While it’s not an award that stands out as glitzy or glamorous like the Hart Trophy or the Norris Trophy, the Masterton Trophy is one that exemplifies best what it means to be a professional hockey player. The trophy goes to the player that “best exemplifies the qualities of perseverance, sportsmanship, and dedication to hockey.”
This year, Washington Capitals goalie Jose Theodore was awarded the Masterton Trophy after what could only be described as a personally tragic year.
Theodore had to deal with some adversity on the ice at the end of last season, but that was forgotten when his infant son Chace passed away last summer from complications stemming from his premature birth. Theodore not only regained the starting job, he had his best season since winning the Hart and Vezina Trophies in 2002, capped by a 20-0-3 run over the final three months. Of far greater importance was the way he handled himself in the dressing room, with fans and the media, and with his new charity “Saves for Kids” which benefits the NICU unit of the hospital Chace spent his entire brief life in.
I can’t imagine what it would be like to go through anything like that in my personal life and be able to forge ahead and continue to play the sport I love at a professional and elite level. What many winners of the Masterton Trophy deal with and persevere through all that is truly remarkable and it’s incredible to see Theodore turn such a tragic loss into something big for the community through charity work.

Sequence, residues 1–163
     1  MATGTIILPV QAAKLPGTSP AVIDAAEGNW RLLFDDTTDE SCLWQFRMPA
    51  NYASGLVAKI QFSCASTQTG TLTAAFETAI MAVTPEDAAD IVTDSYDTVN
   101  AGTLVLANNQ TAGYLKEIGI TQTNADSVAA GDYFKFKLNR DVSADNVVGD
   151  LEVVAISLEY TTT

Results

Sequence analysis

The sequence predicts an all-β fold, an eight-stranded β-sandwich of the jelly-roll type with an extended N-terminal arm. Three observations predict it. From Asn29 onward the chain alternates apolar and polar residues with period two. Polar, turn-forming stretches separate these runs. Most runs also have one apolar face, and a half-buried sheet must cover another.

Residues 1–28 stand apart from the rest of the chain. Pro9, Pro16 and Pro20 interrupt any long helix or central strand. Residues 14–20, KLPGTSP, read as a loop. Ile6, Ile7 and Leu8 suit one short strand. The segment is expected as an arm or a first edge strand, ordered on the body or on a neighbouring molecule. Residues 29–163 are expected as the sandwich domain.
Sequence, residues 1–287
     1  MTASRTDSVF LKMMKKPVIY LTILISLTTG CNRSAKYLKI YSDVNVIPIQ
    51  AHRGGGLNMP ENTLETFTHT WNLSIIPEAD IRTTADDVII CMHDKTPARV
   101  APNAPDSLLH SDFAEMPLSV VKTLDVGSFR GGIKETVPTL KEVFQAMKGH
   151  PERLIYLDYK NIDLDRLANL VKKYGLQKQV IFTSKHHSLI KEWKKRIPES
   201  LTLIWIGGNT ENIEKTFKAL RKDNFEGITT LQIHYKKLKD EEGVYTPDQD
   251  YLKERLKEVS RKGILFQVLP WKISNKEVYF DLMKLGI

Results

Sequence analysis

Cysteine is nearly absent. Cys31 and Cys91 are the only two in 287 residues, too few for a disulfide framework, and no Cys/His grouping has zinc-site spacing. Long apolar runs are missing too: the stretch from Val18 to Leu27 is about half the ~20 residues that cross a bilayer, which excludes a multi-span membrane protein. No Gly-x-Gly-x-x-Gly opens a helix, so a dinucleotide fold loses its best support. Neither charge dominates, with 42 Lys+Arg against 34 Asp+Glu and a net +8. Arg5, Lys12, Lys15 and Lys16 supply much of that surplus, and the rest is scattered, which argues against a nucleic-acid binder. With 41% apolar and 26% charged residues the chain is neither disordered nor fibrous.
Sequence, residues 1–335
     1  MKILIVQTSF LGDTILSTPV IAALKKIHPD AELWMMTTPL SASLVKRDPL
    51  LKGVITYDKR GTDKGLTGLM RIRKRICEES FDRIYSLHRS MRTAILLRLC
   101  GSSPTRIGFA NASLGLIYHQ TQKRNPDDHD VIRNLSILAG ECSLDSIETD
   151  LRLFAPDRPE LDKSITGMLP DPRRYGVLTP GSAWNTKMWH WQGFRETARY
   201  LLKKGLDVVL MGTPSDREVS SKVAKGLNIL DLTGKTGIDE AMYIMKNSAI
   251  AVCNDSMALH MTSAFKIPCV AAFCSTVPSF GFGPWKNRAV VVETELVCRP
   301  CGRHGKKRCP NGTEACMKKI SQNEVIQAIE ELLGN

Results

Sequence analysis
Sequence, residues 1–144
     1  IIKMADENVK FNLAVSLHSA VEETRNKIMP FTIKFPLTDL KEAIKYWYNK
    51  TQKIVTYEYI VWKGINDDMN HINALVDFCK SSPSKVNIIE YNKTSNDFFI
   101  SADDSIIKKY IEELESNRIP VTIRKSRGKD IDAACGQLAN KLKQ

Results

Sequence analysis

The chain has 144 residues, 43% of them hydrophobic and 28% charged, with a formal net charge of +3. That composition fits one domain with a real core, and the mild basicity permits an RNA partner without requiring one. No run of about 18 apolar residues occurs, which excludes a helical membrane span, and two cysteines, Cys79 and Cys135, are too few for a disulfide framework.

In slightly less interesting Los Angeles Kings news than the latest in the Mike Richards fiasco, the team handed Peter Budaj a one-year, two-way deal on Friday.
The veteran goalie’s contract pays $575K on the NHL level and $100K in the AHL (though it’s $150K guaranteed), according to Hockey’s Cap.
At the moment, it sounds like Budaj will be third on the Kings’ goalie depth chart. That says as much about how things have been going lately for Los Angeles than Budaj’s work on a PTO.
As noted above, one of the more significant moves in Budaj’s favor came when the New York Islanders claimed Jean-Francois Berube off of waivers this week.
The Kings actually waived Budaj before signing him, so this has to be a relief to a goalie with a fairly robust resume as a backup.
All apologies to Budaj, but it’s probably true that the Kings would prefer not to see him at the NHL level very often in 2015-16.
The Los Angeles Kings announced today that they have “reached an agreement with Mike Richards to resolve the grievance filed in relation to the termination of his NHL Standard Players Contract. The terms are agreeable to all parties.”
The club said that it will not be commenting further “on the terms” of the settlement.
The NHLPA released a similar statement.
It was reported earlier in the week that a settlement was close to being reached; however, it wasn’t clear what salary-cap penalties the Kings would incur.
We’re starting to find out some details now:
How the final numbers differ from what the Kings would have incurred if they’d bought Richards out will be interesting to see. And if there are differences, how will they be justified?